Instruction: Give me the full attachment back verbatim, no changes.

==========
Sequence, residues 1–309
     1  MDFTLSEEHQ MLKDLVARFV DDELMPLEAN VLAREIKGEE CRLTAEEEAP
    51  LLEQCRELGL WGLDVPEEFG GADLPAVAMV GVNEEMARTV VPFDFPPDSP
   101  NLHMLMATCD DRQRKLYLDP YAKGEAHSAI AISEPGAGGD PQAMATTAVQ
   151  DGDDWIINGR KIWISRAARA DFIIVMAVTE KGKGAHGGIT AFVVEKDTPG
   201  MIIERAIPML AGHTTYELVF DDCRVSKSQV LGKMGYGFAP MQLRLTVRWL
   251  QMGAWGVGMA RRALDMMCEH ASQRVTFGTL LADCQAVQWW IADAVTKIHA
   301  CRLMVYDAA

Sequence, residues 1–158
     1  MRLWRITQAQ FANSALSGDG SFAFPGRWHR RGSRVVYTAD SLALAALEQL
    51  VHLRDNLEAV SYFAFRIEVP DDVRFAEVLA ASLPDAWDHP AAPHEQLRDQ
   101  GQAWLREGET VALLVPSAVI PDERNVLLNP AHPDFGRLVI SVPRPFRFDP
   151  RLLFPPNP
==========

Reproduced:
Sequence, residues 1–309
     1  MDFTLSEEHQ MLKDLVARFV DDELMPLEAN VLAREIKGEE CRLTAEEEAP
    51  LLEQCRELGL WGLDVPEEFG GADLPAVAMV GVNEEMARTV VPFDFPPDSP
   101  NLHMLMATCD DRQRKLYLDP YAKGEAHSAI AISEPGAGGD PQAMATTAVQ
   151  DGDDWIINGR KIWISRAARA DFIIVMAVTE KGKGAHGGIT AFVVEKDTPG
   201  MIIERAIPML AGHTTYELVF DDCRVSKSQV LGKMGYGFAP MQLRLTVRWL
   251  QMGAWGVGMA RRALDMMCEH ASQRVTFGTL LADCQAVQWW IADAVTKIHA
   301  CRLMVYDAA

Sequence, residues 1–158
     1  MRLWRITQAQ FANSALSGDG SFAFPGRWHR RGSRVVYTAD SLALAALEQL
    51  VHLRDNLEAV SYFAFRIEVP DDVRFAEVLA ASLPDAWDHP AAPHEQLRDQ
   101  GQAWLREGET VALLVPSAVI PDERNVLLNP AHPDFGRLVI SVPRPFRFDP
   151  RLLFPPNP